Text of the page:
UN: Iran Improves in Human Development

Iran has seen major improvements in human development during the past three decades, according to the U.N. Development Program’s 2015 Human Development Report. The Islamic Republic rose six places on the U.N. index in a single year, placing it in the “high human development category.” Gary Lewis, a U.N. Development Program Resident Representative, praised Iran’s achievements during the launch of the report on March 2. But he also highlighted the need for Iran to reduce income inequality and improve women’s rights. The following are excerpts from his remarks, along with selected data from the report.

Our event this morning will not only launch the report in Iran, it will also allow us to shine a light on some of the accomplishments which have taken place in this country during the past three decades. The key point, however, to which our report draws attention – is that Iran has jumped 6 places from 75th to 69th among 188 countries in this last one year alone.

Since UNDP’s first global Human Development Report (HDR) was published in 1990, most countries have registered significant human development. The Human Development Index – or HDI – is a summary measure for assessing long-term progress in three basic areas of human development. These are: a long and healthy life, access to knowledge, and a decent standard of living.
In classifying countries according to their human development attainment, UNDP uses four categories: very high, high, medium, and low.
Iran’s HDI value – for the year 2014 – is 0.766.
This puts Iran in the “high human development” category.
  • It also positions the country at 69th out of 188 countries and territories. 
  • Iran’s HDI value for 2013 – one year earlier – was 0.749.
  • This positioned the country at 75th out of 187 countries and territories.
  • Thus Iran has moved up 6 ranks in HDI in a single year. This represents one of the highest increases for any country in the past 8 years.
  • Now let’s look at the situation historically.
  • Here, we can see that between 1990 and 2014 Iran’s HDI value increased from 0.567 to 0.766 – a significant increase of 35%.
This is a great achievement and one for which the Islamic Republic of Iran is to be congratulated.
Let us look more closely at the driving factors placing Iran in this high position on the HDI.
First: “A long and healthy life – This category measures life expectancy at birth. During the period from 1980 to 2014, Iran increased this measurement from 54.1 years to 75.4 years.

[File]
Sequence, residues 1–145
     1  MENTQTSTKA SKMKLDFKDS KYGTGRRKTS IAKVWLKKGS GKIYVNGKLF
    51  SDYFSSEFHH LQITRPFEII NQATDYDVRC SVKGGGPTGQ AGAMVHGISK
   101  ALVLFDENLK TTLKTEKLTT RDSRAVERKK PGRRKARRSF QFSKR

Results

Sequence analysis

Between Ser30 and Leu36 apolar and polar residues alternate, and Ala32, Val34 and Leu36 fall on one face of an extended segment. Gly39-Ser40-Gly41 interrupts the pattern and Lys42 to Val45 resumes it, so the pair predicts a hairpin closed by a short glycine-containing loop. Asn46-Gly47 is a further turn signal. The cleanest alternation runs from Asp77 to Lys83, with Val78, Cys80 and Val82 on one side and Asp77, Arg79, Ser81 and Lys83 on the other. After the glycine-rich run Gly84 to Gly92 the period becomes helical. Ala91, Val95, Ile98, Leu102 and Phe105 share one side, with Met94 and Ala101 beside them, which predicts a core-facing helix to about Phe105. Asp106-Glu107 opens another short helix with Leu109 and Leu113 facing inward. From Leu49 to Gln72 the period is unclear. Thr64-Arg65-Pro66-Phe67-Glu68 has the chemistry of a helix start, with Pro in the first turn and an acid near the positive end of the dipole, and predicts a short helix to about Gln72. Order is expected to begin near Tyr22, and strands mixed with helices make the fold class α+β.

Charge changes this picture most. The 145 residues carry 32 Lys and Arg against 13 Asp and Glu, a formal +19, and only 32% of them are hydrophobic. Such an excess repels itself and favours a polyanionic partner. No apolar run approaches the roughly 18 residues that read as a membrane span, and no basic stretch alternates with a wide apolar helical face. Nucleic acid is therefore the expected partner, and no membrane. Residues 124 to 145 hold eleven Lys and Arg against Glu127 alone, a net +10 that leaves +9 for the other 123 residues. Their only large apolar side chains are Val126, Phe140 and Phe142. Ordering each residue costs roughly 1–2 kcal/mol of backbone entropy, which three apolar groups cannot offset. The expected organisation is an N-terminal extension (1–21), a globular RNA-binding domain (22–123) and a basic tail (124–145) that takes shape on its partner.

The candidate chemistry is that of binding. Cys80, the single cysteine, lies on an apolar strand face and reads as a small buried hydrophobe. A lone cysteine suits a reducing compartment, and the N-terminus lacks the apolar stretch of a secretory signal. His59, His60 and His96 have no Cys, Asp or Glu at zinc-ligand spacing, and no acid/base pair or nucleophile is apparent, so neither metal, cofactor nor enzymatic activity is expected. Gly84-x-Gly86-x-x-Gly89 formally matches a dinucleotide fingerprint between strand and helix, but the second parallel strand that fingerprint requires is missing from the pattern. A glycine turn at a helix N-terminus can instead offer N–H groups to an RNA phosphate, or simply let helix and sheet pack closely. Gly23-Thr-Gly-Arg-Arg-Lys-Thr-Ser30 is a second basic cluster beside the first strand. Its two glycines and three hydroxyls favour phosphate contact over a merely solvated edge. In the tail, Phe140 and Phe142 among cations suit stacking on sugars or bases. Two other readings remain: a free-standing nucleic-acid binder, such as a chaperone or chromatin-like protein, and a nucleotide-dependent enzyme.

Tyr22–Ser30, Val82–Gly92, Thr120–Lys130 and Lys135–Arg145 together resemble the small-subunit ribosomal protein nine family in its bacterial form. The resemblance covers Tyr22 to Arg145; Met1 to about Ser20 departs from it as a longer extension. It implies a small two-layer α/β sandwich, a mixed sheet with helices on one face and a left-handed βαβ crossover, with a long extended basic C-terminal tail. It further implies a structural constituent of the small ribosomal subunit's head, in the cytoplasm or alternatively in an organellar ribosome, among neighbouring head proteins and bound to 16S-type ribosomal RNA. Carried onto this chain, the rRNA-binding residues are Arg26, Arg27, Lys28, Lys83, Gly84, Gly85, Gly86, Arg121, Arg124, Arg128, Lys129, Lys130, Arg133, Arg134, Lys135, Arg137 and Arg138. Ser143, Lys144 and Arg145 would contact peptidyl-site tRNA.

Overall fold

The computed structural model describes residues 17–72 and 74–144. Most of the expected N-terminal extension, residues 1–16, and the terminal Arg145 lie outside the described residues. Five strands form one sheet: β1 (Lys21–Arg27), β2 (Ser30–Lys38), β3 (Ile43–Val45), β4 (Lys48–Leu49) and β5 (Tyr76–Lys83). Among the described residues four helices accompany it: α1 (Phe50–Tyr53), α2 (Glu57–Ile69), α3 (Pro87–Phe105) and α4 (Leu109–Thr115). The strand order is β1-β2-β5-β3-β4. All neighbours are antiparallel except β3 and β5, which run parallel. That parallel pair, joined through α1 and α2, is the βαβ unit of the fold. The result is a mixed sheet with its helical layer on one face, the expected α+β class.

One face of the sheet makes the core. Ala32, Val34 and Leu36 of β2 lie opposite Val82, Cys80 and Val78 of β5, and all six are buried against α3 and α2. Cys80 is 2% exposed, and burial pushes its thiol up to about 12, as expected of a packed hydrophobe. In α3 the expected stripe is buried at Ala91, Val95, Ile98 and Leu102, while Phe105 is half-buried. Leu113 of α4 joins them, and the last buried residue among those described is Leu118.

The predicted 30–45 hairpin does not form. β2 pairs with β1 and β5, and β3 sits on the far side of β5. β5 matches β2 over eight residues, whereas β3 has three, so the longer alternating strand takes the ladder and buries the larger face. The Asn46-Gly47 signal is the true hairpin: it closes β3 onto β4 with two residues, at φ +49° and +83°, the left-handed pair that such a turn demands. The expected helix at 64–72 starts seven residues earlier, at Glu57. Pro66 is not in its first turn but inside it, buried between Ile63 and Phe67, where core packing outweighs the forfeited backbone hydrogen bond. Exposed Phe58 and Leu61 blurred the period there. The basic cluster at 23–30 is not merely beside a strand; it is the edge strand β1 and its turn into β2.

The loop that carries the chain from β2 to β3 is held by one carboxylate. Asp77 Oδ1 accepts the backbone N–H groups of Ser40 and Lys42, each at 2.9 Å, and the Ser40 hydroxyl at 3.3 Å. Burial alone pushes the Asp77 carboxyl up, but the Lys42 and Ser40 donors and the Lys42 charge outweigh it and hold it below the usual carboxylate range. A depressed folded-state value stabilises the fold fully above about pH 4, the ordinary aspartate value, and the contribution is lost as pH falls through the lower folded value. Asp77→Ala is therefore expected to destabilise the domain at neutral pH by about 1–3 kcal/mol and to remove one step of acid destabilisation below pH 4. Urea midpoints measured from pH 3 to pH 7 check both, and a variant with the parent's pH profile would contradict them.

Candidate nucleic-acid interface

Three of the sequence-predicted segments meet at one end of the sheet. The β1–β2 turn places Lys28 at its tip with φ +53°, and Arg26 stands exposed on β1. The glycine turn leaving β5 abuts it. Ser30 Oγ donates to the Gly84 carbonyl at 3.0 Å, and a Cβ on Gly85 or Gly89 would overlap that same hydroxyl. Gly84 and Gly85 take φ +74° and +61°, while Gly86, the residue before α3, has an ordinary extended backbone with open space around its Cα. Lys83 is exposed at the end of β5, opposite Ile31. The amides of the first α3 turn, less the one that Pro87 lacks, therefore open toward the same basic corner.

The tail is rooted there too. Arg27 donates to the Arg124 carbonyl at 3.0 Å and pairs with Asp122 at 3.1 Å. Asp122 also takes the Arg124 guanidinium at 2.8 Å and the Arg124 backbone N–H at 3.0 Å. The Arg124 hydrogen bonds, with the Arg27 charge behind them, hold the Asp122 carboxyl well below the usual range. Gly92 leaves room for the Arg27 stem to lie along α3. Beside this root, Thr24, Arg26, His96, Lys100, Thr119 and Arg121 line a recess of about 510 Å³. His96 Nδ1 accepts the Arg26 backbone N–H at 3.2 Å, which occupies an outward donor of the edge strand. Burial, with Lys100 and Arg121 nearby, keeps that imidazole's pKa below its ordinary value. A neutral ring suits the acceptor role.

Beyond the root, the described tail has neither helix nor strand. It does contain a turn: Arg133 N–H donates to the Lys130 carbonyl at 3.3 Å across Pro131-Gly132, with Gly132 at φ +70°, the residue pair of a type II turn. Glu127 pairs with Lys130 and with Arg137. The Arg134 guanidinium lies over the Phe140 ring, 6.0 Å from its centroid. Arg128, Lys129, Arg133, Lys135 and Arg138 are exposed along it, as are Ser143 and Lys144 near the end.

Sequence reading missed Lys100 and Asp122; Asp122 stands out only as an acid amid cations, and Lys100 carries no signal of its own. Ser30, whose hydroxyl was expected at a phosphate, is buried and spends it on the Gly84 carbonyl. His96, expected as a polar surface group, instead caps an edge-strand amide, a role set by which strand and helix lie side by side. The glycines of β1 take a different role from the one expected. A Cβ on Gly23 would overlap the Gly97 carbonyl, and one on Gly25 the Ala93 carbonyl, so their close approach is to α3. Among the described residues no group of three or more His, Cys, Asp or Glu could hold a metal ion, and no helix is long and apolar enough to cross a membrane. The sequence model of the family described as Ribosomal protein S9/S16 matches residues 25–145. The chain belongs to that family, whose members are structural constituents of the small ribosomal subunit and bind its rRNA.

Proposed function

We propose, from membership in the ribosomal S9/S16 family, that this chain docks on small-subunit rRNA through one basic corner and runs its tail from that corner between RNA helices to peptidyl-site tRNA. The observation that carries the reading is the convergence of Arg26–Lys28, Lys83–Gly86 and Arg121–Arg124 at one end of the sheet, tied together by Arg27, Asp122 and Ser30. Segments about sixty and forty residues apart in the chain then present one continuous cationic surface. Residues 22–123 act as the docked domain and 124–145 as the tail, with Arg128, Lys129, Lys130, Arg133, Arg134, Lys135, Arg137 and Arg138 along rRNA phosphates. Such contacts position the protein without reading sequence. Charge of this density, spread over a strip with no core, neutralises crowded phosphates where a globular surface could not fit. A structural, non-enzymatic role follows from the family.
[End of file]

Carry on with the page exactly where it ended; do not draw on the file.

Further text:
The second component is “access to knowledge” – One element of this is expected years of schooling. Starting in 1980, Iran recorded an increase in this number from 8.7 to 15.1 years.
The third component is “a decent standard of living – This is measured in the form of Gross National Income per capita using 2011 purchasing power parity. Iran’s GNI per capita increased from the equivalent of $10,100 in 1980 to $15,440 in 2014.
I am sure you will agree with me that these are sound and solid development achievements.
However, as with most things in life, there is always room for improvement. And the 2015 Human Development Report does point to two areas which require more attention. These are, firstly, the need to reduce overall income inequality and, secondly, the need to promote women’s empowerment.
Nonetheless, on the whole, and – again from a human development standpoint – the Report sends a clear signal.
For the period, 1980-2014, Iran’s policy interventions – and actions including directing adequate resources – have produced significant improvements in its human development. And this, at a time during which the impact of sanctions has been severe, is no small achievement.
Looking to the future, we in the United Nations are looking to see Iran break into the “very-high development” category.
Iran itself actively played an important role in preparing the post-2015 development agenda. Our new Sustainable Development Goals are much more ambitious and broader than the Millennium Development Goals which they replace. In seeking to attain them, Iran may consider lessons from its own past – and in addition some from the world’s development experience over the last three decades.
These lessons – related in a concise manner – would look as follows. Focus on:
  • Reducing poverty.
  • Promoting social inclusion.
  • Protecting the environment.
  • And promoting accountability.
These four approaches – in UNDP’s view – can support the Government’s efforts to promote both economic growth and human development.
And UNDP Iran stands as a ready partner to support the Government of Iran in achieving the Goals at national level by the year 2030.
Click here to read Gary Lewis's complete remarks
Click here to read the 2015 U.N. Human Development Report